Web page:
The most popular layer on the Native Land map — and the one I have turned on by default — is the “territories” layer. This is a bit of a paradox, because it’s both the most intuitively understandable layer and the most complicated to explain.

The territories layer began as something quite straightforward: mapping something called ‘traditional territory’. The notion of traditional territory, for me, as a settler, was mostly informed by the practice of “territory acknowledgement” and the vague idea that all this land in Canada was previously ‘owned’ by someone else.

Native Land relies on the idea of “traditional territory”, and without this theoretical underpinning, the map itself wouldn’t make sense. But this idea is flawed and does rely to some degree on colonial structures of land boundaries, certain types of sources, and ignores migration and the complexities of real-life Indigenous societies.

I’ve learned that the idea of ‘traditional territory’ is actually very slippery. It can mean a strongly defined official boundary (Squamish nation, for instance), a general sense of land familiarity or habitation (some Métis people), a historically inhabited area, or it can be shorthand for how people identify themselves. The map tries to encompass all of these meanings, by taking feedback and changes seriously. But the map is also trying to say something specific about land ownership and colonization, and that’s what it’s really about.

In fact, I’d say that the idea of traditional territory should be slippery, because it’s about land and culture, and these things can’t be defined by simple categories. Otherwise, it becomes too colonial again and forces identities onto Indigenous people, who, like all peoples, have diverse ways of understanding the self.

Some nations have official boundaries of traditional territory, whereas other nations may hardly even have a notion of being a “nation” at all. Recently adding many Central and South American territories to the map helped illustrate this for me.

When it comes to these areas of the map, “languages” may make more sense than “territories” to be a primary layer. In places where Indigenous national identity is not so strong as in Canada, languages can be more generally applied to ethnicities and societies without requiring a formal organization. Not all Indigenous people  have similar tribal/national structures that I’ve encountered in some parts of North America, and this needs to be reflected in the map.

Above all, I’ve tried to make the territory layer about self-identification. Whenever people feel they or their peoples are not represented, I’ve attempted to add them (with some interesting caveats I’ll write about another time). I prefer to try to be inclusive and show more results rather than less.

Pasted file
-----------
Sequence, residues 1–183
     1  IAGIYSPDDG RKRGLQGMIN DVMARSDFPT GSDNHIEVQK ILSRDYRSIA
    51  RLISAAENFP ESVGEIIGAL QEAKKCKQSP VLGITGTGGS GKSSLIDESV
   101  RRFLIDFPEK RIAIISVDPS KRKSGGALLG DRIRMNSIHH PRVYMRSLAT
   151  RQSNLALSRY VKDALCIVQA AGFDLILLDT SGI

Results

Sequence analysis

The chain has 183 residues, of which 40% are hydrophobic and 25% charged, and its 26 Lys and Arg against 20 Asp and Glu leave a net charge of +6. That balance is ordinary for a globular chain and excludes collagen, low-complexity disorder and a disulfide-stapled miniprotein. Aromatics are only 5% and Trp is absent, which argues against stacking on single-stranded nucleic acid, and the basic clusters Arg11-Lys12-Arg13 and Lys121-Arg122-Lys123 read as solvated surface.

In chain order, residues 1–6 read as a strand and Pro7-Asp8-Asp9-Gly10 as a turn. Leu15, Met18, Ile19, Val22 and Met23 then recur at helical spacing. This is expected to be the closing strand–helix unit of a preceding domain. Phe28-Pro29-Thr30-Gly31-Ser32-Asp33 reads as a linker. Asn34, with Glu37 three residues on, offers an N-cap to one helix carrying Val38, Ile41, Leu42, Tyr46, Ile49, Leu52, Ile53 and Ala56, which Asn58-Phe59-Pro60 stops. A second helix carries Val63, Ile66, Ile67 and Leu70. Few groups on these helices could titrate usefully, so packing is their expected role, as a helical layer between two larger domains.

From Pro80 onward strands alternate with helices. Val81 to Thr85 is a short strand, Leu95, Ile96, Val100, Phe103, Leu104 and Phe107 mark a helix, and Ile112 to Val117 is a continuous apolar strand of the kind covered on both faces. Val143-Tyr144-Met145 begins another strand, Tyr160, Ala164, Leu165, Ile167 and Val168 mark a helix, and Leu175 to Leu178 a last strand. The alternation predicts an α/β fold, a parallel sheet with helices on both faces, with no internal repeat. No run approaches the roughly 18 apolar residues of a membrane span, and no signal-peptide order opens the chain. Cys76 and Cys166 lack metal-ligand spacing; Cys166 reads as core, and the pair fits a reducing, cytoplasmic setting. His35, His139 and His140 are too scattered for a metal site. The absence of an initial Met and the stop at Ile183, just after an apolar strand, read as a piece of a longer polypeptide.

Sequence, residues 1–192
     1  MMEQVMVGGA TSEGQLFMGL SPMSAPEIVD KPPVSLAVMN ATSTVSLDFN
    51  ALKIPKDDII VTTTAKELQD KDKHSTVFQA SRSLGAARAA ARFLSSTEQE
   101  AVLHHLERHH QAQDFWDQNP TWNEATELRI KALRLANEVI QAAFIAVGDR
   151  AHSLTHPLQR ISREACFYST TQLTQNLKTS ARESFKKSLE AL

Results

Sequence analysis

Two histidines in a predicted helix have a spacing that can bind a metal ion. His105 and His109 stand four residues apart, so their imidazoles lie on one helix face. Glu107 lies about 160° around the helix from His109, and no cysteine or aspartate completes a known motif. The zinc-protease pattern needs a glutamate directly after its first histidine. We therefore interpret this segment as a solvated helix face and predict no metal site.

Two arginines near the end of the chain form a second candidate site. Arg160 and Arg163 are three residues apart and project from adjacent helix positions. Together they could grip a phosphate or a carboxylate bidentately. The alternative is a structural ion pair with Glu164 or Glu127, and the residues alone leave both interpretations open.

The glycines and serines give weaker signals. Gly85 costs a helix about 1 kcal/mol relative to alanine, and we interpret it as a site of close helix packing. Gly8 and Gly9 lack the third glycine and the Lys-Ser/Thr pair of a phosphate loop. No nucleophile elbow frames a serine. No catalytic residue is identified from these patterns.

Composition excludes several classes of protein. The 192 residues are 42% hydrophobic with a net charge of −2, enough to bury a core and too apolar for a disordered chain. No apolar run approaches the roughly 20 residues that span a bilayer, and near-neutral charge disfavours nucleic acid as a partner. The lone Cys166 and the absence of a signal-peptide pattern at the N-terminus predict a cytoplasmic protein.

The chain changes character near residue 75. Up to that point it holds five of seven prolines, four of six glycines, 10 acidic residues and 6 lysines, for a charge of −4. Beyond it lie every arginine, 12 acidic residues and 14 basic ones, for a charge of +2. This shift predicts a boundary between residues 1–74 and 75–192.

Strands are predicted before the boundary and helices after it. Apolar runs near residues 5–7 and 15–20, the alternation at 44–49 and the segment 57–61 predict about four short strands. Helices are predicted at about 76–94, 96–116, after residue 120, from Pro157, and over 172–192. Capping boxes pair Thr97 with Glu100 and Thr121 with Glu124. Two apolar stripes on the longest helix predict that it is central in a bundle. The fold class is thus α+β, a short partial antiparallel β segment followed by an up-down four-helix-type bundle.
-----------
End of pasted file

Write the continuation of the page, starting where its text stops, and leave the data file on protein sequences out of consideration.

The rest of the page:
I would love to hear suggestions and hear about what ‘traditional territory’ means to people, what it means when it’s on the map, and its limitations and strengths.

So approach the layer with caution, and don’t treat it as an academic set of truths — if you can help it. It’s a good place to get started, but it’s really about you taking the initiative to learn more and think carefully about these questions.

Posted by Victor Temprano
Monday, April 9th, 2018

4 responses to “What is “territory”?”

  1. Elias Elias says:

    I am from Arcata in Humboldt County, California. I have heard a story that supports a fluid nature of group boundaries that I will share. Precontact there was apparently a single family from the Hoopa Valley (Hupa people) that had food collecting rights to just one of the many rocky islets in the ocean near present day Trinidad, California. Precontact there was a village of Yurok people in that area. Hoopa valley is a couple dozen miles inland and the people living there otherwise didn’t have direct access to the resources of the ocean. My informant was a colleague in biology who had befriended people who knew of this traditional access right.

  2. Tom Hengelsberg says:

    I grew up in western New York State, USA, just west of the Finger Lakes, on the lands of the Seneca, keepers of the western door of the Iroqouis Five Nations. I would be interested to know why Seneca is on the language map but not on the territory map? There seems to be a big gap in the map there. This map and website are absolutely fascinating by the way. This research is very important, great work!

    • Hi Tom, thanks for the comment and for reminding us of this. We have been meaning for quite a long time to remove the Confederacy and just include the individual nations, including the Seneca. We actually have just added the territory in the backend but it hasn’t yet been pushed up to the frontend. It should be added in the next week or so, so please check back again soon. Thanks so much!

      • Tom Hengelsberg says:

        Readers may find this interesting also…I grew up in Castile, NY, *literally on* the first reservation lands the Seneca were forced off of when the settlers and land speculators wanted it. The roads above and below my house (where my parents still live) were Upper, Middle, and Lower Reservation Roads. The native people were forced onto a second reservation, the Cattaraugus Reservation, a small plot of land near Buffalo, NY. At some point after? that they were also placed on the Allegheny Res near the border with PA. That’s the history as I understand it; I bet others know it much better and more intimately. The land I grew up on looks down into the Genesee River valley and gorge. It is simply a beautiful spot, and I was always conscious growing up that it was not rightfully ours to take.

        I live in northern Vermont now, lands of the Abenaki. I just met the Chief of the Nulhegan Band of Abenaki the other day. A great man.

Leave a Reply

Your email address will not be published.